Also you don't note foreign aid hatred. On this issue, the delusions of the overwhelming majority of US citizens are so extreme that they are not discussed in polite debate. In polls The median US respondent guesses foreign aid is 10% to 28% of the Federal budget (I have a total of 2 polls in mind but the numbers are all in that range). This is absolutely not based on living next door to a foreigner who receives aid. This is pure fantasy (foreign aid is less than 0.7% of the US Federal budget). Foreign aid is a tiny program. But the vast majority of US voters think it is a huge program. That means that hatred of foreign aid is a big issue.
pulled back from comments: The counties in North Carolina that had the highest percentage of slaves to whites in 1860 are the same counties where more than 90% of whites voted for Mitt Romney. Links to follow at my blog. Thornton Hall Which reminds me that "The past is never dead. It's not even past."
Thursday, November 06, 2014
Do I really have to wade through that Stephanie Schmidt-Grohe and Martin Uribe paper too, and reverse-engineer their result as well? I'm too old for this. Don't any of you young whippersnappers have an economic intuition? Do you all get snowed by every fancy-mathy paper that comes along?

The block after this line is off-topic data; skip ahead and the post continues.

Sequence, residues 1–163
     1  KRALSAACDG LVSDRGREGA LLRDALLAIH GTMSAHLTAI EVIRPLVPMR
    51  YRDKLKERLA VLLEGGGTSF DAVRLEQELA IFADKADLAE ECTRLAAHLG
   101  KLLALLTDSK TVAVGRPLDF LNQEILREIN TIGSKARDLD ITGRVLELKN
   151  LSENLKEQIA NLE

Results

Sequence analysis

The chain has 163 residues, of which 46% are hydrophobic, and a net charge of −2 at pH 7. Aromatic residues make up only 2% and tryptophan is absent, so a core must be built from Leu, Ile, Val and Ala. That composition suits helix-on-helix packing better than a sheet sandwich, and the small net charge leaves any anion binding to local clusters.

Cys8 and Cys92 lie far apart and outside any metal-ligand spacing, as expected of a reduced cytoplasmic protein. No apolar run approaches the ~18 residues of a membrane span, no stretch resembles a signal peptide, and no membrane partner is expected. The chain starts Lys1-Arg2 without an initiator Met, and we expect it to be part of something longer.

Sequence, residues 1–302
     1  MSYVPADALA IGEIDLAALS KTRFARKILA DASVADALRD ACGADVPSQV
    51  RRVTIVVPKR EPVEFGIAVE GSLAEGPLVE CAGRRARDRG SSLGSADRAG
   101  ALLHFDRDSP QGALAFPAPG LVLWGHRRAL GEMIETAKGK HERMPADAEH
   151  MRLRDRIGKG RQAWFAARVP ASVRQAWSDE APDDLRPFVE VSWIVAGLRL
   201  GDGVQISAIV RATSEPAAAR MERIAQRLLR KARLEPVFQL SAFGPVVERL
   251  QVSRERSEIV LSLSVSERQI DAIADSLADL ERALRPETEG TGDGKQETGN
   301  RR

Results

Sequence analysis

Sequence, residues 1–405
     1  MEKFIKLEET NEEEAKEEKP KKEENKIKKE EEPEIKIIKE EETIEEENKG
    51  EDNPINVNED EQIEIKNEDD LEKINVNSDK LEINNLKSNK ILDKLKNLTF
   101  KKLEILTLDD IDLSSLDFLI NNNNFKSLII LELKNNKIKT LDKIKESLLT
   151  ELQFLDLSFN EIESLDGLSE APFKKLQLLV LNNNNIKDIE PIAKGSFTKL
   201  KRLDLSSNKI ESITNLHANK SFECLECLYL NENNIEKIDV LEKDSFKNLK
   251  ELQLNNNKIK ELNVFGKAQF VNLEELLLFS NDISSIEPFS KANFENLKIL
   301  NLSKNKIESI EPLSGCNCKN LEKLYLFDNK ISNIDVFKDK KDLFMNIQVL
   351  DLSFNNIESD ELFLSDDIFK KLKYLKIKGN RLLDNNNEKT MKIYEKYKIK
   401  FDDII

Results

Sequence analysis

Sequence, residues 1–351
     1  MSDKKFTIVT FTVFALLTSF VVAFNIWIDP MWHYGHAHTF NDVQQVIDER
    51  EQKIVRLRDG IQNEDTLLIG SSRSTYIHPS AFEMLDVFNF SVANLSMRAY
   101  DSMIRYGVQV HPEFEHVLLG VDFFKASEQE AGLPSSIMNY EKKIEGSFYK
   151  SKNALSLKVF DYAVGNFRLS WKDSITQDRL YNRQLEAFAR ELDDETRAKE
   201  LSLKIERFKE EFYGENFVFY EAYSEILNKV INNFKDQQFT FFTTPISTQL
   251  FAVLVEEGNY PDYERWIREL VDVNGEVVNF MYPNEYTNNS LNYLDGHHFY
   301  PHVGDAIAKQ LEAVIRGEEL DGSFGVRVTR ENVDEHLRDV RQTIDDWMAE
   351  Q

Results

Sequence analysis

I expect I will have to. Pray for me.--Nick Rowe Who earns a bonus victory lap for keeping an extremely elaborate metaphor un-mixed and out of the ditch.
I had to click the link to find out that "the Scandanavian flick" was related to driving cars and not Swedish monetary policy.
If you had asked me to describe a Scandanavian flick I would have said there is this knight by the sea who meets death and they decide to play chess (actually I thought of another Ingmar Bergman film "Monica," which I have heard described on PBS as "an escapist skin flick" -- the sea is featured in "Monica" too, but Monica is much better looking than death).
Wednesday, November 05, 2014
He concludes "we have an off-cycle electorate that assumes that they’ll be dead in 15 years, so let the good times roll."
The argument makes sense, but the votes of US adults over 60 don’t. The Republican policy stance (except during campaigns) is the opposite of “let the good times role”. They fight for reduced deficits and, in particular, demand entitlement reform.
In particular, Arkansans over 60 voted for Tom Cotton who voted to raise the Medicare eligibility age to 70. This is a “death bet” only if to death they say “you betcha”.
Cotton’s vote is on a roll call and the Republican Study Group budget is public, so I think it is OK to link to a partisan source
“Cotton Was the Only Member Of The Arkansas Delegation To Vote for Republican Study Committee Budget That Transformed Medicare Into Voucher System, Raised the Eligibility Age For Medicare To 70 And Cut Social Security Benefits.”
One can not use rational self interest to explain why people aged over 60 vote for Republicans who demand that Democrats accept entitlement reform and then denounce the Democrats for accepting some of the Republican demands.
Tuesday, November 04, 2014
Orwell himself couldn’t have come up with a more ironic title for this spy program than “Students Against Fear,” although I suspect the idiosyncratic capitalization would’ve killed him if he weren’t already dead.